Influence of practice schedules and attention on skill development and retention

Louisa D. Raisbeck, Alison Regal, Jed A. Diekfuss, Christopher K. Rhea, Paul Ward

Research output: Contribution to journalArticlepeer-review

14 Citations (Scopus)


Focus of attention during dual-tasks and practice schedules are important components of motor skill performance and learning; often studied in isolation. The current study required participants to complete a simple key-pressing task under a blocked or random practice schedule. To manipulate attention, participants reported their finger position (i.e., skill-focused attention) or the pitch of an auditory tone (i.e., extraneous attention) while performing two variations of a dual-task key-pressing task. Analyses were conducted at baseline, 10 min and 24 h after acquisition. The results revealed that participants in a blocked schedule, extraneous focus condition had significantly faster movement times during retention compared to a blocked schedule, skill focus condition. Furthermore, greatest improvements from baseline to immediate and delayed retention were evident for an extraneous attention compared to the skill-focused attention, regardless of practice schedule. A discussion of the unique benefits an extraneous focus of attention may have on the learning process during dual-task conditions is presented.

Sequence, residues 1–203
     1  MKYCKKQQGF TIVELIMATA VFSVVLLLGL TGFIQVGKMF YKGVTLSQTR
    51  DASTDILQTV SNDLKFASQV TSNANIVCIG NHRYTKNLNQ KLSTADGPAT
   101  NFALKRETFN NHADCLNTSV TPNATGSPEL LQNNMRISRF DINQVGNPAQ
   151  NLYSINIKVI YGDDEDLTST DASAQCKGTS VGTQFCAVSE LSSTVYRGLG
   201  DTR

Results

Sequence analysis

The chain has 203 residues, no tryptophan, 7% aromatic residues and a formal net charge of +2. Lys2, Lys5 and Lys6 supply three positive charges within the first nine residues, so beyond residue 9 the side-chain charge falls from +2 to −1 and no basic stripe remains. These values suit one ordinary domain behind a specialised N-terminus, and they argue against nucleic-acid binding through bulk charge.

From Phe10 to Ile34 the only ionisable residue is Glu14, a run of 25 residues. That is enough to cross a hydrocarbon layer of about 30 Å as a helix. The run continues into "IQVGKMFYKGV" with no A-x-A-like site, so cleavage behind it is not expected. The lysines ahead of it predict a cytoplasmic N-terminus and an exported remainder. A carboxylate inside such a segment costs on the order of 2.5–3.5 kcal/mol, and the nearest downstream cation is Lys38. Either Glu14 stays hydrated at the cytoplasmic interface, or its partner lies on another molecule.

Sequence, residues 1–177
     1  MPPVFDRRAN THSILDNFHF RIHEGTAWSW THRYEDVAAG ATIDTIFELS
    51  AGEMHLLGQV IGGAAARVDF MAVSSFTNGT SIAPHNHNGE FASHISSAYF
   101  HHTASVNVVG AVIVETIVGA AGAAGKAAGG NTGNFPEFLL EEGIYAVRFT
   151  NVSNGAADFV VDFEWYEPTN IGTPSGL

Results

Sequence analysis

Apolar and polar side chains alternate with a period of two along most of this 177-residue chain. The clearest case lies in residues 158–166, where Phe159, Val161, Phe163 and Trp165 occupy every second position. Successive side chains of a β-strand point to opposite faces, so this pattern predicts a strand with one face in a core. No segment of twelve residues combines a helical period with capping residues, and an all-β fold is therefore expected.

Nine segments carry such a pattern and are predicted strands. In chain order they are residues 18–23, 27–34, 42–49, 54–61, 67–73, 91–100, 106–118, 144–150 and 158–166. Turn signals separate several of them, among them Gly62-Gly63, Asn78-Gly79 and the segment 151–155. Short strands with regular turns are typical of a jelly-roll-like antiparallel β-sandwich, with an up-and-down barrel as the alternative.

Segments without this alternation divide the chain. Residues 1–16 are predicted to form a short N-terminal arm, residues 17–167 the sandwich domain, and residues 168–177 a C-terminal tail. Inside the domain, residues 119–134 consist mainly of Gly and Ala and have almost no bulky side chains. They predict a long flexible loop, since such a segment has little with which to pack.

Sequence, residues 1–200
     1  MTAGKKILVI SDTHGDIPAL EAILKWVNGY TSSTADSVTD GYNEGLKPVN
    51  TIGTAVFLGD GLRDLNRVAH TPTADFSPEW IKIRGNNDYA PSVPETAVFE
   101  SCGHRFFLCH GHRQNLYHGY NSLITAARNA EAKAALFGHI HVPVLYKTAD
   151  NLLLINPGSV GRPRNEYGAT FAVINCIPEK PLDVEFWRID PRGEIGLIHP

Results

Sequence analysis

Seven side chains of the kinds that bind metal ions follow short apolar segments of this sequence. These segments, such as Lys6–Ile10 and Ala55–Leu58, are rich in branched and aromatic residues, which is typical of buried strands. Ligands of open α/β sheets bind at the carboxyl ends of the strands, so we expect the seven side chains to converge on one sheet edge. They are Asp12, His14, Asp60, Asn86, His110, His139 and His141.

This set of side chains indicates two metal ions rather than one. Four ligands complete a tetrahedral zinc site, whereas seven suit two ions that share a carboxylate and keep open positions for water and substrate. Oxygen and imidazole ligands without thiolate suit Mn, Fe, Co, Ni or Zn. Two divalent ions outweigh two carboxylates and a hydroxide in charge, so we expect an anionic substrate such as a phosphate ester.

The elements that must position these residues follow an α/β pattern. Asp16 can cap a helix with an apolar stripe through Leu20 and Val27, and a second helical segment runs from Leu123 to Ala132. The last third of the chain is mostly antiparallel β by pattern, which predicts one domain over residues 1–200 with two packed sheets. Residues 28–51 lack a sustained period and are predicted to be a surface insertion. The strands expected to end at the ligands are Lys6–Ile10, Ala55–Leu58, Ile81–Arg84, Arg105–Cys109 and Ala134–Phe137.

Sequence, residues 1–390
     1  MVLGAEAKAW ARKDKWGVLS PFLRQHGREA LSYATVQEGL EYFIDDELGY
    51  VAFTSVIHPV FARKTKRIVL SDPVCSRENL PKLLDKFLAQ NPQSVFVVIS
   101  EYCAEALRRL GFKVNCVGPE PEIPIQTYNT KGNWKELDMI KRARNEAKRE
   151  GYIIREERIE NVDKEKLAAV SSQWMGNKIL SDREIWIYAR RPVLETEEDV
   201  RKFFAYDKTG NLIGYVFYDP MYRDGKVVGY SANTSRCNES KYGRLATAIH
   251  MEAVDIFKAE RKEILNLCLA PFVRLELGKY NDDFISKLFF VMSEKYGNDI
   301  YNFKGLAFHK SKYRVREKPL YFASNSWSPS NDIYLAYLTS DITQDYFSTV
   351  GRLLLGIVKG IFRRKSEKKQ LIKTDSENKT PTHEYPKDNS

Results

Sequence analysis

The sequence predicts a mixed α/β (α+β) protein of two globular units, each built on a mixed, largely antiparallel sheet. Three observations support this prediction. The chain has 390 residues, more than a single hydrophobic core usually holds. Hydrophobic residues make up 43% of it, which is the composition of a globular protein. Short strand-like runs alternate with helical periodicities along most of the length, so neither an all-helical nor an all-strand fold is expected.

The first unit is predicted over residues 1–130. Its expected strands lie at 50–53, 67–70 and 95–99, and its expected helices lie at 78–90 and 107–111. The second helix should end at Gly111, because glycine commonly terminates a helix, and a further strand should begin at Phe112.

Original languageEnglish
Pages (from-to)100-106
Number of pages7
JournalHuman Movement Science
Early online date3 Aug 2015
Publication statusPublished - 1 Oct 2015


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